That is not to say that we should not show the highest respect for all that we manage, including all pest and quarry species, but we must not abandon reality. It is against that need for consistency—coupled, I must say, with the lack of evidence—that I can see no justification for not subjecting coursing to the same registration process as fox or, indeed, hare hunting. I therefore urge those who have supported the principle of registration to do so again and not discriminate against coursing. If we believe in registration, allow the registrar to consider the facts and reach proper conclusions.

As an aside, I am bound to say that as for so-called cruelty, I cannot distinguish between the hare being killed by a dog and by a fox. Does the hare feel some sense of betrayal by being killed by a dog rather than a fox? I hardly think so.

Lord Hoyle: The difference surely is that the fox is a predator, whereas the dog is being set on the hare by a person.

Earl Peel: I can quite see the distinction, but I am discussing the act of cruelty. Is it more unfair on the hare to be killed by a fox than by a dog? I suggest not.

Of course, other Members of the Committee have raised other important issues. One is the correlation between hare coursing—and, indeed, all field sports—and the creation, retention and management of habitats that are such a benefit to a whole range of other species. We have heard many quotations from the noble Lord, Lord Burns, this evening; perhaps I may cite him again:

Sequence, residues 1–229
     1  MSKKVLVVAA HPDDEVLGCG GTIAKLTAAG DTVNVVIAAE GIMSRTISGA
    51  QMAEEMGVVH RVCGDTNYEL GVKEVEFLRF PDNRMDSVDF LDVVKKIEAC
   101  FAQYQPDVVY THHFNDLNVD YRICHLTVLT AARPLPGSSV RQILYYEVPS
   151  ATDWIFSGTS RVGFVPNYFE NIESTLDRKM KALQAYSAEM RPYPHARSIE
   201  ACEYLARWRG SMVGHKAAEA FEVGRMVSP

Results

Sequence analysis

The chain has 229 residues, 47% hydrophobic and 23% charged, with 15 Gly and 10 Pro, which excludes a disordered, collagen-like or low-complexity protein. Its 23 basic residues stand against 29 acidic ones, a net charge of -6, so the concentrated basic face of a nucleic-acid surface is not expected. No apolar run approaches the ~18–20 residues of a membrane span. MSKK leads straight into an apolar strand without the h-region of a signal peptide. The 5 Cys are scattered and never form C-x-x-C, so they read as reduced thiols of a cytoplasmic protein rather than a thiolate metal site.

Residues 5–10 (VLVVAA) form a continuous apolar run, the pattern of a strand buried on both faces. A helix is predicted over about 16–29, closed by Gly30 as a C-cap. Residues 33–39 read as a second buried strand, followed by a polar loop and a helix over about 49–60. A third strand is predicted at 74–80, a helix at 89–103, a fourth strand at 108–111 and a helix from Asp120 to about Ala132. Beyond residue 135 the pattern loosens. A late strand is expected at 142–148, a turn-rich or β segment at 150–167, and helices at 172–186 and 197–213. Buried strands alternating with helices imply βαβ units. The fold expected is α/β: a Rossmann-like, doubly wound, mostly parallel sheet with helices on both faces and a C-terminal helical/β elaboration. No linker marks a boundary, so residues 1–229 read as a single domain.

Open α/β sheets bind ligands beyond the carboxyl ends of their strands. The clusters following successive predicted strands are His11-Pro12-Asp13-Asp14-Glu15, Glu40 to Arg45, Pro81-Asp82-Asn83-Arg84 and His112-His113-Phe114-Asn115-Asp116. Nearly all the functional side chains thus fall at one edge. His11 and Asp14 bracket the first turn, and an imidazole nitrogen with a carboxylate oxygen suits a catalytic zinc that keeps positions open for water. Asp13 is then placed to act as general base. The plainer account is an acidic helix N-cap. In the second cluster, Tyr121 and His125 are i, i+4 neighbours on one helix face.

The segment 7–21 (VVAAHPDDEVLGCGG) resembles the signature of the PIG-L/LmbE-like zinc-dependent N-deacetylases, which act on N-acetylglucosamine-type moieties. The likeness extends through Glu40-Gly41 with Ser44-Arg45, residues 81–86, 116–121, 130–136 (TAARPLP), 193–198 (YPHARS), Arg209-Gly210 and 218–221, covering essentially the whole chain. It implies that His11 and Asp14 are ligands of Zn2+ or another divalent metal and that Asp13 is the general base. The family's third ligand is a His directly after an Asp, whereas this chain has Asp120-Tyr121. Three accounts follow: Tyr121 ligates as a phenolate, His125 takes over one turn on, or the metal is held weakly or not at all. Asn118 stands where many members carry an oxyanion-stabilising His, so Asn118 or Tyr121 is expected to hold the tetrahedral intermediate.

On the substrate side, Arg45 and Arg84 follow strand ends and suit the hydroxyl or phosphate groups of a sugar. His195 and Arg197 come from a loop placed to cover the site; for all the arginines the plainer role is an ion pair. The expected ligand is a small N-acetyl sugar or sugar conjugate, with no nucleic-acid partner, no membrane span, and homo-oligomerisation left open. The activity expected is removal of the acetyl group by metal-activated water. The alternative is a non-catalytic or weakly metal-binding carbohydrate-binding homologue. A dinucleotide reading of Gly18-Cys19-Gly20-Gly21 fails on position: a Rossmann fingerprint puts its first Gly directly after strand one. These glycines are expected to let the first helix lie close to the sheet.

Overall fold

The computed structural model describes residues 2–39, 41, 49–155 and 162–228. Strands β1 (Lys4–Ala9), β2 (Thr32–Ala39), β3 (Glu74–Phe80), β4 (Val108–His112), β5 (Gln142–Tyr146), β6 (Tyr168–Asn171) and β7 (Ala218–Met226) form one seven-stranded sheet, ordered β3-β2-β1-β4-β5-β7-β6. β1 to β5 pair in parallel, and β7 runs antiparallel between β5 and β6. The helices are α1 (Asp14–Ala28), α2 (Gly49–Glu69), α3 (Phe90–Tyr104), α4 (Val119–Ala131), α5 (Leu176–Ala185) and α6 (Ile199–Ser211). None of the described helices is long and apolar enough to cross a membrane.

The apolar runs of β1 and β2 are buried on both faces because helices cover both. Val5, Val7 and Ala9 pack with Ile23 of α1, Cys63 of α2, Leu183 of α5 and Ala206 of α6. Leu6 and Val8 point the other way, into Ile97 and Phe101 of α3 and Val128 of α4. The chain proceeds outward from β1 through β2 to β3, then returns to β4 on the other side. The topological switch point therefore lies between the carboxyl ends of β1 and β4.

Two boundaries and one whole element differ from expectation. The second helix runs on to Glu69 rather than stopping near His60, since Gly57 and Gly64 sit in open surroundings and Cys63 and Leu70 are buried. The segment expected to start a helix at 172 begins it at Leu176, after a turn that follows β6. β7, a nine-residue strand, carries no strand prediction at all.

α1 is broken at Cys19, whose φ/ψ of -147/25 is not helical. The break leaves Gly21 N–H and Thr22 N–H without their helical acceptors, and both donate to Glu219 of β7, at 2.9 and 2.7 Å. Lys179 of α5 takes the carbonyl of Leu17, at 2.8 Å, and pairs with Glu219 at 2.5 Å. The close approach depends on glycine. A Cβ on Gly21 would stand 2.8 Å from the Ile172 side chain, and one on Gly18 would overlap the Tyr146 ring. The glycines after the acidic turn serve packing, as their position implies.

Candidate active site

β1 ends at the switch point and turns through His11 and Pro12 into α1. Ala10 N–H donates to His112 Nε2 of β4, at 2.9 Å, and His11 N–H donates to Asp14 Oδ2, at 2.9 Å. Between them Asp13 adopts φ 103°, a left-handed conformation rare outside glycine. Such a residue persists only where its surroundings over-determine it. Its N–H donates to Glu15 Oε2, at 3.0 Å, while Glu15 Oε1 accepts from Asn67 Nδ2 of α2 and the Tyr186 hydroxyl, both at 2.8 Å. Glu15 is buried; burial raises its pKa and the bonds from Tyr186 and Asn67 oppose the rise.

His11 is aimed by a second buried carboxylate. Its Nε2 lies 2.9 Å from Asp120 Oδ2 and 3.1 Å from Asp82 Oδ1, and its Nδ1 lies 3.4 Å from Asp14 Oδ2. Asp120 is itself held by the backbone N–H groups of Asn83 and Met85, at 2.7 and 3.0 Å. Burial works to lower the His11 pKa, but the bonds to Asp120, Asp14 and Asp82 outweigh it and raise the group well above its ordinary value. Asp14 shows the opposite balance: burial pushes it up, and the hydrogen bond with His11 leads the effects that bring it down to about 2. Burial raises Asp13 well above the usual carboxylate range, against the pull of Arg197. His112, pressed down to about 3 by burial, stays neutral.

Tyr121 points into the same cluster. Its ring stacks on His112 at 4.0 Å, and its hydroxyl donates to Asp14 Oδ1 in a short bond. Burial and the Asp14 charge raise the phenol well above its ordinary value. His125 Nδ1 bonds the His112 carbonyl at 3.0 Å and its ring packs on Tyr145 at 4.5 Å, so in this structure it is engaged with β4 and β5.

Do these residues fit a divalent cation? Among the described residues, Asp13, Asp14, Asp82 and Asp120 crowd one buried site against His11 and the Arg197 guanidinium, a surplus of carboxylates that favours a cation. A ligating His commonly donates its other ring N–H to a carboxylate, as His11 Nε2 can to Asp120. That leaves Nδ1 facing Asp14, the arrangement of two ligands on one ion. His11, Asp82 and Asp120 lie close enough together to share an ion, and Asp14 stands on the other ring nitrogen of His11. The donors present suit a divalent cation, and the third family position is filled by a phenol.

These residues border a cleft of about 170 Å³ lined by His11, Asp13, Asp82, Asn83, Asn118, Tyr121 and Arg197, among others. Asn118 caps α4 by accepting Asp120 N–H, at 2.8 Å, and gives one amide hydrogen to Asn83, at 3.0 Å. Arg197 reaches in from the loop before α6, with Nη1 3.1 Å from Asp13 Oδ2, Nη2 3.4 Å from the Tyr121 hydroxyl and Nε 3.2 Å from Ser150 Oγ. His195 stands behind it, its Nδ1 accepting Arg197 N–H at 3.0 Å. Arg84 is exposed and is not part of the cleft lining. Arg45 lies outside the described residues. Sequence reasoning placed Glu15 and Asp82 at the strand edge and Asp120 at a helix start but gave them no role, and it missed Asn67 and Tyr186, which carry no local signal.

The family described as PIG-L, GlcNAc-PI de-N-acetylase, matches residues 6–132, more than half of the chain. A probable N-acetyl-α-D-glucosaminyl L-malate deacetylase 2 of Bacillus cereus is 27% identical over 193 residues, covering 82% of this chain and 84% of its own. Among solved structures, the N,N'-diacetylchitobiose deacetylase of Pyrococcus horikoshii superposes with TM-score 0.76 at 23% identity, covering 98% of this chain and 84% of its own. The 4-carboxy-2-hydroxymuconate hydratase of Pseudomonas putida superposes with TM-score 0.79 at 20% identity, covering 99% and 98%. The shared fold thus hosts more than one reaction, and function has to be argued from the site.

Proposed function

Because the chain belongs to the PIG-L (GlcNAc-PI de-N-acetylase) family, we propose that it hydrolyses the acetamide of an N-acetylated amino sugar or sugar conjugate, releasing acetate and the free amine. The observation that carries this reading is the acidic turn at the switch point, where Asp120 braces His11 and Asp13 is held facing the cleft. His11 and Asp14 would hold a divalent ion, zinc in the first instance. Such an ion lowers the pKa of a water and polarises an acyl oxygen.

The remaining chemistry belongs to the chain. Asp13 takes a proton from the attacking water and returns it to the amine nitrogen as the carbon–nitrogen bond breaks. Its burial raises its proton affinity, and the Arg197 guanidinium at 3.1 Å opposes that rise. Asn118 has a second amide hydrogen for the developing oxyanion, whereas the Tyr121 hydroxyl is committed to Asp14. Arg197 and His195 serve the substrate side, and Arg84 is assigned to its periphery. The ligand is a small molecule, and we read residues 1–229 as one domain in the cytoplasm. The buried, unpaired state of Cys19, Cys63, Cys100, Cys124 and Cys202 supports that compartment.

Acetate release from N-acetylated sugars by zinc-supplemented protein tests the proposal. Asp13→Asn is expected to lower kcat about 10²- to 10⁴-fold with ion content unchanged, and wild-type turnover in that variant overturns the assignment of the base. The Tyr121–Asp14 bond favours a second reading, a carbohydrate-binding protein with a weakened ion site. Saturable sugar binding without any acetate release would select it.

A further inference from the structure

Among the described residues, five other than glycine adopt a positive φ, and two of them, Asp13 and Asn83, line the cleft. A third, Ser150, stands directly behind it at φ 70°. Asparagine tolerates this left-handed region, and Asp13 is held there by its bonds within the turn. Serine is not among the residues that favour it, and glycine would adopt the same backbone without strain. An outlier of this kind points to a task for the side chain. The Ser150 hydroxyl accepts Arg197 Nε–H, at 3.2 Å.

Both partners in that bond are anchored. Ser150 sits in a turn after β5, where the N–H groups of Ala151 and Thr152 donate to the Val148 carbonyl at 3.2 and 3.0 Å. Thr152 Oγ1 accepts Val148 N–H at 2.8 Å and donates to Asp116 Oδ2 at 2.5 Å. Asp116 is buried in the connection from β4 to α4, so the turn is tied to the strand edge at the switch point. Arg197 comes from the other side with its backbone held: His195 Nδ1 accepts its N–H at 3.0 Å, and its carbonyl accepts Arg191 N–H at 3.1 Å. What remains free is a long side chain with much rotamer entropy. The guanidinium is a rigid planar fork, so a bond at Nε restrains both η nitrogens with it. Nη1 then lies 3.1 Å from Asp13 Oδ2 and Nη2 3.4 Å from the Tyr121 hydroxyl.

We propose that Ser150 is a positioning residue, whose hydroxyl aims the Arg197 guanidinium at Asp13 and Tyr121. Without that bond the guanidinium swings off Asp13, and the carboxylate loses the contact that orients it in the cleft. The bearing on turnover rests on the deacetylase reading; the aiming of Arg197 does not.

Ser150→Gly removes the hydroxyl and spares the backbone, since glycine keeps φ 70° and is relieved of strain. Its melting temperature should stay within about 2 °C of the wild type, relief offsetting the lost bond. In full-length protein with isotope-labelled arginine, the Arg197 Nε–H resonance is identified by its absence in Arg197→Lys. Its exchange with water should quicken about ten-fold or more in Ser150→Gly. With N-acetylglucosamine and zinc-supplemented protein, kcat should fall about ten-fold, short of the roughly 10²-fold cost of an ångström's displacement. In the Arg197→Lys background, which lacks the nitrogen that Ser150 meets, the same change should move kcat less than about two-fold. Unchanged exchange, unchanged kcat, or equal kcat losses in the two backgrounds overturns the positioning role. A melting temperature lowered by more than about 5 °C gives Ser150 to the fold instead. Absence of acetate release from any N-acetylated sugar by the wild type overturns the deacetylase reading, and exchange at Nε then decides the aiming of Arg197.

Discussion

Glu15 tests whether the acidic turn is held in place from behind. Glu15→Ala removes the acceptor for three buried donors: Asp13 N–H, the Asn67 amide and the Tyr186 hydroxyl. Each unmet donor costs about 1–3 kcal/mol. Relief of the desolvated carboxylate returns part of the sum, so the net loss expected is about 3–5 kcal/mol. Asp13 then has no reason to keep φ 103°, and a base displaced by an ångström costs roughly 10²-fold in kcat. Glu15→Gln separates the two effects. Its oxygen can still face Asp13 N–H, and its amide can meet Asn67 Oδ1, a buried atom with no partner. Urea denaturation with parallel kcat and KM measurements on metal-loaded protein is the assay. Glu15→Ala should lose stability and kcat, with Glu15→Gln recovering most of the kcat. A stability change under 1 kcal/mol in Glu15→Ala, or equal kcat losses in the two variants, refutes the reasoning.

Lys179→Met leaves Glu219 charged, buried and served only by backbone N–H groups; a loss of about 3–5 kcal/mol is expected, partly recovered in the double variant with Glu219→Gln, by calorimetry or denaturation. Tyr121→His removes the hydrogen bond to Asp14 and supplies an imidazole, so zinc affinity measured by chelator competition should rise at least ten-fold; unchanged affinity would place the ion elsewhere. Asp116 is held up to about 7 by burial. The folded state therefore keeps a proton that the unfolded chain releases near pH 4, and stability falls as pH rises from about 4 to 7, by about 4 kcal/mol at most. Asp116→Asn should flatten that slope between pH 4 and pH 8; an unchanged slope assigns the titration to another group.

"In the case of the hare . . . a ban might lead farmers and landowners to pay less attention to encouraging hare numbers. The loss of habitat suitable for hares could have serious consequences for a number of birds and other animals".

But that principle cuts right the way across the countryside and applies to all field sports. It is important that we should not forget that habitat and species management often comes at no cost to the taxpayer.

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Finally, I mention illegal coursing, as have several Members of the Committee. The problem is that it is not simply against the law but indiscriminate. Most people who course are highly sensible to the number of hares and take animals only when a cull is appropriate and populations have reached a point at which they need to be controlled. Get rid of coursing and the men with the long dogs will simply rub their hands in glee. That could have a serious effect on the biodiversity action plan for the hare.